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By Ann Hunt
Opera House, Wellington
22 May 2016
The New Zealand Dance Company recently returned from an acclaimed tour of Germany and The Hague, performing to standing ovations. It is easy to see why.
As each season passes, the standard they set gets higher and higher.
Lumina consists of three new works: two by New Zealand choreographers, Louise Potiki Bryant and Malia Johnston, and one, their first international commission by an American born Dutch choreographer, Stephen Shropshire.
Throughout the evening, the stunning lighting designs, sets and costumes are by Jo Kilgour and Kasia Pol respectively.
Shropshire’s The Geography of an Archipelago journey begins on a stark, simple set with a dark sail echoed by its shadow on the floor.
The brilliant lighting evokes clouds and sea mist. Shropshire explores themes of dispossession, solitariness and exile that are both geographic and internal.
The music by Chris O’Connor, Rob Thorne and Beethoven, speaks of loss and memory and gave a palpable sense of drama and urgency to this mesmerising work.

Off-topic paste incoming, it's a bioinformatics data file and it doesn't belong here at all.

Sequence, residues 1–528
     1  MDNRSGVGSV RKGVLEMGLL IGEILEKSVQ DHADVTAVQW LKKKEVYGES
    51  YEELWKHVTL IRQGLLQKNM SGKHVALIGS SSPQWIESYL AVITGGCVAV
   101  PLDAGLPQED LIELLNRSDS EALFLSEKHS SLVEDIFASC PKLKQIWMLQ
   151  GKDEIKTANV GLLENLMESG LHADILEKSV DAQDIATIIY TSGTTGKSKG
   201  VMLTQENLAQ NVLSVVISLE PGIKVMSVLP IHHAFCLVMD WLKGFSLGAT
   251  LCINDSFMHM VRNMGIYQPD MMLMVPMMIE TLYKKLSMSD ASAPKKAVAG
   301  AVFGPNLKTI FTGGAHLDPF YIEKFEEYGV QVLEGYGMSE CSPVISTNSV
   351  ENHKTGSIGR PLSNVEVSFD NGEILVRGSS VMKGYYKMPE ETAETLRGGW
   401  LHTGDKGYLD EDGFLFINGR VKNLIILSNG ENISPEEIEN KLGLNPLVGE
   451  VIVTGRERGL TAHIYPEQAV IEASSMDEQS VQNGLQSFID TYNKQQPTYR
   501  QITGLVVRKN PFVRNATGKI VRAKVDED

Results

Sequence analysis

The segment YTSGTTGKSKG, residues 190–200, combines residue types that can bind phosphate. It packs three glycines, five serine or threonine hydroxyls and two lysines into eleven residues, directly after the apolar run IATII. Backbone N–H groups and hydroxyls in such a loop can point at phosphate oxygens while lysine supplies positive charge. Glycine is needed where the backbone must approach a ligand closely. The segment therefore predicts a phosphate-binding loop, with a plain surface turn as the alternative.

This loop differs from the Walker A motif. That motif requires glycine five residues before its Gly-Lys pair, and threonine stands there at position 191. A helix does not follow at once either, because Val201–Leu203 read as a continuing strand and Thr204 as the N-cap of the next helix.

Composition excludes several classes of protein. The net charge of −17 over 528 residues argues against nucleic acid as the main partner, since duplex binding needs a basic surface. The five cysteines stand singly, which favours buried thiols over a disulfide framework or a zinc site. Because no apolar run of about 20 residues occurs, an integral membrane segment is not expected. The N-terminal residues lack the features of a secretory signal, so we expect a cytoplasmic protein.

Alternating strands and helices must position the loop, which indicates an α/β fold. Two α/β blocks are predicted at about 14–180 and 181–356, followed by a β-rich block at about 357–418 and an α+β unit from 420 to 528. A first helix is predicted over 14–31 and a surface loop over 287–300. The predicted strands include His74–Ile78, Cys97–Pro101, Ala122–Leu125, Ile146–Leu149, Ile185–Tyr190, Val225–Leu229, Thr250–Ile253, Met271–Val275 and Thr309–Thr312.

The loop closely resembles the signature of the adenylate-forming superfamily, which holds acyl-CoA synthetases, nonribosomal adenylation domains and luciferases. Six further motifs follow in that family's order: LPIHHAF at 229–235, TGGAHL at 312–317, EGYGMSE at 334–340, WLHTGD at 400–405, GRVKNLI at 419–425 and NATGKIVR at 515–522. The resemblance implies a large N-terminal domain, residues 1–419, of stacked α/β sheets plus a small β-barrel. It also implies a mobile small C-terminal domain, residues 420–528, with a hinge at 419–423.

Thorne’s use of the taonga puoro and the solemn tolling of a bell added to the haunting atmosphere.
Potiki Bryant is one of New Zealand’s most talented and memorable choreographers. In collaboration with her long-term creative partner, Paddy Free, they have created the completely engrossing and hugely affecting In Transit.
Free’s magnificent AV design and beautiful soundtrack are totally integral to the work’s impact. The choreographic contribution from Michael Parmenter is gratefully acknowledged.
Potiki Bryant’s inspirations are many-layered. They concern transitions between different stages in life and the view that the veil between life and death is very thin. It is impossible not to reference the transitions that Maori have gone through and are going through.
Fiercely beautiful and filled with anger, sorrow and hope, it affects in a quite subliminal and unforgettable way.
Brouhaha is a collaboration between Malia Johnston (choreography), Eden Mulholland (music) and Rowan Pierce (AV design).
Against dynamic black and white projections with continually changing designs, the dancers merge and emerge from the visual assault projected onto and through them.
At times reminiscent of a club or very sophisticated gym, the piece tested the dancers’ and the audience’s stamina. Building to a vigorous conclusion, it made a high-powered finale.
The eight dancers were superb. Performing with strength and vibrancy, they used technical expertise to always enhance and clarify, never to overshadow meaning.
We, as New Zealanders, should be very proud of this company. They are superb ambassadors.